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By David Jacob Heino, EAA 389012; Atlanta, Georgia
While serving in the U.S. Army Special Forces in Afghanistan in 2002 and 2003, I promised myself that I would start on my lifelong dream of building my own airplane as soon as I was able to once I returned home. As a kid I was fascinated with the BD-5 and the RotorWay Scorpion and spent many days making scale models and drawing pictures. My favorite TV show was Black Sheep Squadron. My dad owned a V35 Bonanza for a short while, and I was able to make just a couple of flights with him as a teenager.
I joined the Civil Air Patrol and enjoyed the experience of flying in a Cessna 150 and an Air National Guard UH-1H Huey. My intent was to go into the military as a pilot, but my eyesight was too poor to qualify for military aviation so I chose the next best thing in my book, which was to be a paratrooper and later a Special Forces officer. As luck would have it, my battle buddy at boot camp had been a restoration assistant at the Planes of Fame Air Museum, and that got me even more interested in aviation. I eventually earned my pilot certificate in 1990 while attending graduate school at George Mason University where I was able to join the Marine Corps Flying Club at Quantico, Virginia, because I was an Army officer. After many years of flying club and rental aircraft including T-34s, Bonanzas, Beech Sierras, 172 XPs, 172 SPs, a 182RG, and Piper Archers and Arrows, I decided I would definitely need an aircraft of my own. Someday soon I thought. But life and finances got in the way.
Soon after 9/11, my unit was called up and deployed to Afghanistan. While there, I received a copy of EAA Sport Aviation, and there was a story about a beautiful experimental aircraft painted in a desert camouflage paint scheme that really caught my eye, and the builder was in Atlanta, not far from my home. Reading his story and seeing his plane, named Spirit of 11 September, made me promise myself that I too would build one of these planes.
Not long after returning home I was holding short for landing aircraft when this fabulous experimental I had seen in EAA Sport Aviation magazine in Afghanistan landed right in front of me! After my flight, I started doing some research and was able to track down the builder/pilot of the desert camouflaged experimental and asked him if I could come and look at his plane as I would like to build one like it someday. When we met at his airport a few days later he offered to take me up for a flight. I had never flown in an experimental aircraft before so I did not know what to expect. I have to say that I was overwhelmed with how much more performance the experimental had than the factory-built planes I’d flown previously. What is more is the control harmony and responsiveness were absolutely fantastic.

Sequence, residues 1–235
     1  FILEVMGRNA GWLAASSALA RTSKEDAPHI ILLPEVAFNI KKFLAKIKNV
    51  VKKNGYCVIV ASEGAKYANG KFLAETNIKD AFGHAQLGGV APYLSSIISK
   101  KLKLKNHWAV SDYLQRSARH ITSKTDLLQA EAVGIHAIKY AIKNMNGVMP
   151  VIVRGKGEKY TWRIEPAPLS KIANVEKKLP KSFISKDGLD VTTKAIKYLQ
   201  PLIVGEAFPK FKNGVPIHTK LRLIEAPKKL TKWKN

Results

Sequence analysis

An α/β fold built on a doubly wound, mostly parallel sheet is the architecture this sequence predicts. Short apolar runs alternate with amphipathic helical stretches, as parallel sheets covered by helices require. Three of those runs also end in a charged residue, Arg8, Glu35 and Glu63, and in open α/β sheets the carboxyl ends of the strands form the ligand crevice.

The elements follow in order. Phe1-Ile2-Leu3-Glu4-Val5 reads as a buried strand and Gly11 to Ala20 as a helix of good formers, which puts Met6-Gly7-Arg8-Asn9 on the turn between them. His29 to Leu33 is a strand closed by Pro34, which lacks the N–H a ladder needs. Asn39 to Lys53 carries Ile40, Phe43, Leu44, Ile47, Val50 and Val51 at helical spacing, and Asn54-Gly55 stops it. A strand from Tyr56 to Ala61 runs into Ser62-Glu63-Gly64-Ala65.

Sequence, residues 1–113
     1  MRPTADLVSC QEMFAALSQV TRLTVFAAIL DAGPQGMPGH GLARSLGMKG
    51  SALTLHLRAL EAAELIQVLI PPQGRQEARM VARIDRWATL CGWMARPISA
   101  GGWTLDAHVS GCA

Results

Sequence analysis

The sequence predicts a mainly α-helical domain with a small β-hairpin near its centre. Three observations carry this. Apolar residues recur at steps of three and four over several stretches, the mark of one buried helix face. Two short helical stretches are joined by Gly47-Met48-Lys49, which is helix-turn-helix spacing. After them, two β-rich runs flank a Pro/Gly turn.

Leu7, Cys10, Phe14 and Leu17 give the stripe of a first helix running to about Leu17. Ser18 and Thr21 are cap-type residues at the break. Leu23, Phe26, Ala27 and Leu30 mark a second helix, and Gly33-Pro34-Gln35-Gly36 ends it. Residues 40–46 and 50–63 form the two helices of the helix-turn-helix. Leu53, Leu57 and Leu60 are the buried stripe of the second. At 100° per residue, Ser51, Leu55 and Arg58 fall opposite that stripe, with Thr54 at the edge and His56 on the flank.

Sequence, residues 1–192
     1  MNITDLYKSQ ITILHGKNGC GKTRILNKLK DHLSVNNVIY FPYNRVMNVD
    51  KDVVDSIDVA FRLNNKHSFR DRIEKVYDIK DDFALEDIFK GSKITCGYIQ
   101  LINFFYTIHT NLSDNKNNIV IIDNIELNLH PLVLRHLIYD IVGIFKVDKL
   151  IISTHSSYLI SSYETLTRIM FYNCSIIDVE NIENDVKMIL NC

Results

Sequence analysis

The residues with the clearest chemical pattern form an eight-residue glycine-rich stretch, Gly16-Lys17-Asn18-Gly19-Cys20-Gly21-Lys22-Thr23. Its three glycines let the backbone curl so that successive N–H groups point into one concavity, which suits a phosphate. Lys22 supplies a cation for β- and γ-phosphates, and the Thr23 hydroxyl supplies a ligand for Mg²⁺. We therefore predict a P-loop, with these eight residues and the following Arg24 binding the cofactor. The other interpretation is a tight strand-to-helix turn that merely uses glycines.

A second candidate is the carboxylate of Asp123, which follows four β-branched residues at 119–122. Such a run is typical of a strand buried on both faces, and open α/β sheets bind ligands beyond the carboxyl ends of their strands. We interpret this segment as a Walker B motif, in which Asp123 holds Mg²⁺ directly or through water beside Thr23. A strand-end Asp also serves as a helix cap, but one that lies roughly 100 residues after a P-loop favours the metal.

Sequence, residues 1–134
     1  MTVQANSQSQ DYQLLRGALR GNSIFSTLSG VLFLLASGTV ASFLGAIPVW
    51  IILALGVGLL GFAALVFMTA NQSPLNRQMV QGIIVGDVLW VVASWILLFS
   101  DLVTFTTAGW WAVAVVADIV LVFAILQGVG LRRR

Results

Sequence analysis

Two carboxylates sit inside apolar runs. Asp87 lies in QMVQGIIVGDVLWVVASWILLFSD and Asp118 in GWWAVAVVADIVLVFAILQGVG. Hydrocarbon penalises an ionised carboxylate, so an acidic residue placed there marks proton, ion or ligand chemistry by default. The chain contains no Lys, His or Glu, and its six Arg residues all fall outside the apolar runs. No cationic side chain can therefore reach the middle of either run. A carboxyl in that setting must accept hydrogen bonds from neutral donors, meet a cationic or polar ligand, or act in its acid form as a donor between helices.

Soon after this flight, I enrolled in the EAA SportAir Workshop on RV aircraft assembly and bought a collection of tools and preview plans. Unfortunately, I was unable to save up enough money for building and thought I might have to give up my dream. I went a couple of years without being able to fly. Then I attended AirVenture and was introduced to the Sonex line of aircraft, which were within my budget. I was impressed with the quality of the kit and the flying examples I saw. An experienced, well-respected pilot gave me a rave review of the Sonex once I got home and encouraged me to look into it further. Later, I attended the Sonex Builder’s Workshop hosted by Sonex in their immaculate factory and met the impressive Sonex crew.
When I finally got my hands on my kit, I worked on it as much as I could. Fortunately, my wife, Courtney, was patient with me and helped me out quite a bit during construction. She even helped me build the engine. She helped me rig and mount the wings, and together we have spent hours polishing the aluminum. My kids also helped me with coming up with some creative artwork to decorate the plane with.
After a little more than 1,200 building hours, I completed Sonex No. 1072 and received my airworthiness certificate on August 18, 2014. I made the first flight on August 22, 2014, from Fulton County Airport/Brown Field in Atlanta, Georgia. The airplane flew with precise control as well as great control harmony and grin-inducing roll rate. The airplane now has more than 150 hours on it and has made several trips from Atlanta to South Florida, the Carolinas, and Tower, Minnesota, which is just south of the Canadian border. The aircraft is powered by a normally aspirated AeroVee rated at 80 hp with an AeroInjector, and it has flown with propellers from both Prince Aircraft and Sensenich.
I followed the kit plans with the exception of some cosmetic enhancements such as aluminum replacing fiberglass on the sides of the cowling and fabricating a small framing piece to provide better symmetry to the aft cockpit bulkhead. I also added weather stripping to the canopy to cut down on noise and to prevent water leakage. The panel consists of an MGL Velocity engine monitoring system, an iLevil AW AHRS, ADS-B “in,” an Infinity military-style joystick grip, a Garmin GTR 200 comm, and a Garmin GTX 327 transponder. The aircraft is equipped for day and night VFR.
The plane cruises at a little less than 120 knots. This aircraft is very nimble and responsive and makes a decent cross-country traveler for me. I used both the EAA Technical Counselor and EAA Flight Advisor programs as well as the Sonex T-Flight Transition Training Program to ensure a successful build and first flight. Jim “Nomad” Lawrence, the pilot who built the beautiful desert camouflaged experimental I saw in EAA Sport Aviation, wound up being my flight advisor and first flight chase pilot. My EAA technical advisor was Matt Lazar, EAA 708914, who is also an Operation Enduring Freedom veteran. What a great pilot-builder community we have!